The Pharisees were hoping to catch Jesus bending the Law of Moses. What they missed, however, was that Jesus had no need to bend the Law of Moses. Rather, He fulfilled the law (see Matthew 5:17–20). Jesus demonstrated this by showing mercy and healing on the Sabbath. To what extent are you willing to show mercy to your neighbors regardless of others’ trying to enforce limits on you? —A. W.
C. The Second Question (vv. 5–6)
5. And answered them, saying, Which of you shall have an ass or an ox fallen into a pit, and will not straightway pull him out on the sabbath day?
The Law of Moses required that people help lost or injured livestock of neighbors and enemies alike (Exodus 23:4–5; Deuteronomy 22:1–4). An attitude of mercy (even to livestock) was at the heart of these commands. By the first century AD, disagreement had arisen among interpreters of the Law of Moses regarding if a person could rescue a stranded animal on the Sabbath. Strict interpretations allowed the animal’s owner to feed the animal and ensure its survival until the end of the Sabbath day. Freeing the animal, however, was not allowed. In this interpretation, the work of freeing the animal broke the command to do no work on the Sabbath (see Exodus 20:8–11). Other interpretations were more lenient and allowed for the animal’s owner to work to free the animal, even on the Sabbath.
Jesus’ question assumed a positive answer: yes, even on the sabbath would a person rescue an ox that had fallen into a pit. Without assistance, the stranded animal was at risk of suffering injury or facing harm from predators. All of the people at the meal likely agreed that saving the life of this hypothetical animal was accepted. If there was disagreement among the guests at the meal, then it was likely regarding the extent that work could be done to save the animal. In short, Jesus expected that all of the guests would agree that showing mercy to an animal even on the Sabbath made sense. In that case, how much more legitimate was showing mercy to people on the Sabbath?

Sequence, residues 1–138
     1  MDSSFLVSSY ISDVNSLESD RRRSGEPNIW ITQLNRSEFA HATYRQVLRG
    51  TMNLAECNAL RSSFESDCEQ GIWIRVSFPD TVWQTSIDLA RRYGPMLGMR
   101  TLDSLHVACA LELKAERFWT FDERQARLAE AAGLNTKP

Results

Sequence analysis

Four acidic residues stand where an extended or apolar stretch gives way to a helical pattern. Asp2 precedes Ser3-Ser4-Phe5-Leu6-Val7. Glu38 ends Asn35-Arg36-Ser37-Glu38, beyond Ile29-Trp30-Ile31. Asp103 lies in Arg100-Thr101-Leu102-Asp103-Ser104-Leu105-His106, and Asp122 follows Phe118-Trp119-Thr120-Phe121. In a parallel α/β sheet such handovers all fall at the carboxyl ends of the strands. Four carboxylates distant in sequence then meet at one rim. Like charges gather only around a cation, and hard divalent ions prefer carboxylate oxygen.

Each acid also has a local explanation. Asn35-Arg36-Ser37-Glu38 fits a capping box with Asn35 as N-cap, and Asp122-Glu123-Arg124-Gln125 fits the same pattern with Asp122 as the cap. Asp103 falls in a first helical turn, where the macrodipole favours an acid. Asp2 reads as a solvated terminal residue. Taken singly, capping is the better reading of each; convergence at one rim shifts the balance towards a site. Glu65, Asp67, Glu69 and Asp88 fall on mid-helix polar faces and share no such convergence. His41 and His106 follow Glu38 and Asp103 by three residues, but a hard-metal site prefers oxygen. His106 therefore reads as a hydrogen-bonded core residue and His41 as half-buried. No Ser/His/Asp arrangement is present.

Older Greek manuscripts of this Scripture include the Greek word for son or child in place of the word for ass. Possible endangerment of a child would also be an appropriate (and necessary) reason for a person to act on the Sabbath. If a person showed effort to save livestock on the Sabbath, then that person would surely show more effort to save a child.
Jesus could have waited until the next day to heal the man. However, the opportunity for Jesus to show mercy presented itself on the Sabbath. The Sabbath served human well-being, not the other way around (see Mark 2:27). If some religious leaders considered that it was acceptable to work on the Sabbath (see Luke 13:15), then Jesus argued that His work was also acceptable, if not all the more so.